Cool Tool: The Snowball Calculator

by Alex Stenback on September 29, 2006

Snowball_graphic
Ever heard of the "snowball method" to paying off debt?  Niether had we (though the concept was familiar, just not the catchy moniker) until we ran across this post over at lifehacker.  What is it, this snowballing?

Snowballing is all about paying your debts in the correct order.
Generally speaking you should attempt to pay off the debts with the
highest interest rate first.

Which makes perfect sense.  Pay off your high cost debts first while making minimum payments on all others.  Once the first debt is paid, apply the savings to the next debt on the list.  Rinse, repeat.  Problem is, this can be challenging to map out for many people, which is where the calculator comes in.  You simply type in some specifics about each debt you’d like to pay off, and the snowball calculator kicks out a nifty little printable schedule that you can follow. 

Good stuff, with one caveat: This is a GREAT tool for renters and aspiring homeowners, but if you own a home, you’ll be debt free quicker and with less cost (contrary to what the snowball calculator says) using a small second mortgage to consolidate debt and apply the savings towards principal reduction [see the speadsheets to back this claim, after the jump]
ยท Snowball Calculator [us.whatsthecost.com via lifehacker]

First, The snow ball example, where we used a monthly debt reduction payment of $240.00.  The calculator says:

It will take you 39 months to pay off these debts if you snowball correctly. During that time, you’ll pay $1,233.00 in interest. If
you paid the same amount per month, but changed the order in which you
paid your debts so you weren’t paying the highest interest rates first,
it would cost you an additional $152.00 in interest.

See the accompanying schedule (click pic to make big):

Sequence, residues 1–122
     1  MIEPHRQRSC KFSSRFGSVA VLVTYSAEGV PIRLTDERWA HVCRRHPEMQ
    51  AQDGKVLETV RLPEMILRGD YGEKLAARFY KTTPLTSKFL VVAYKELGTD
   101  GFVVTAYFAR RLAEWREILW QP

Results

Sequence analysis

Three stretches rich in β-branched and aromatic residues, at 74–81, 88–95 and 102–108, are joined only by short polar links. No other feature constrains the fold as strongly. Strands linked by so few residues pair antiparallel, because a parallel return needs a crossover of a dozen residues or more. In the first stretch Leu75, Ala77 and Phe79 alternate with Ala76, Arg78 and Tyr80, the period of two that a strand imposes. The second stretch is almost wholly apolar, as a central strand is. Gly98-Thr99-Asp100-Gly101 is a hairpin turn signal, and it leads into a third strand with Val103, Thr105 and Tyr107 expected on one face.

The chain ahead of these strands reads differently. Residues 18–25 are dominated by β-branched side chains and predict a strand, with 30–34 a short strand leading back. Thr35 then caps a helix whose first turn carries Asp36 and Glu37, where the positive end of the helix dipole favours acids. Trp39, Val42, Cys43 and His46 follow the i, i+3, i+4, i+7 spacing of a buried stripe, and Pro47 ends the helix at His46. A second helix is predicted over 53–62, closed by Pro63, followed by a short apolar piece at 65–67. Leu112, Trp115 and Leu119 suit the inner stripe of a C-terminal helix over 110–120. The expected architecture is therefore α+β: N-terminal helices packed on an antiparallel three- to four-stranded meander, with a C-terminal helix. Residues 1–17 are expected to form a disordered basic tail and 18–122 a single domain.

Snowball

Now let’s look at using a second mortgage for consolidation.  Using the same $240.00 pre-payment amount, will have one debt free in 30 months.  Behold (again, click image to make big):

Antisnowball

See how that works? Nine months of interest saved, and a nice little tax writeoff to boot.

{ 8 comments… read them below or add one }

David Porter September 29, 2006 at 11:21 am

Nice Post!

Erica September 30, 2006 at 12:34 am

I like lifehacker (and lifehack.org, too), but I can’t keep up with the volume of posts.

This is the neatest, simplest version of the snowball calculator I’ve seen. I’ve seen all sorts of spreadsheets and stuff, but if someone’s just looking for a clue as to where to start, this is perfect.

Teresa Boardman September 30, 2006 at 9:14 am

Nice calculator. I am going to have to see you so I can accumulate some debt. I have no second mortgage, credit card debt, or even a car loan. I owe so little on my home it is pitifull! I am really feeling left out of the 2000′s. :)

Sarah Reiter October 3, 2006 at 10:07 pm

Great tool, like the calculater. cool tool will have to refer a ton of my clients to it, thanks.

I’m a real estate virtual assistant and this is a great tool for some of my clients and a lot of my realitor clients

http://www.virtualcas.com

A day in the life of a Loan Advisor October 29, 2006 at 8:46 am

Great tool many thanks for pointing it out.

snoballer December 7, 2006 at 5:02 pm

You can always tell the real estate folks. They’re the ones who can’t spell worth beans, yet they dip their hands into everybody’s pockets.

snoballer December 7, 2006 at 5:02 pm

You can always tell the real estate folks. They’re the ones who can’t spell worth beans, yet they dip their hands into everybody’s pockets.

bravoo January 5, 2007 at 12:43 am

great tool, it’s useful for many borrowers to paying off their debts..
http://www.mortgagerefinancing.com/

Leave a Comment

 

Previous post:

Next post: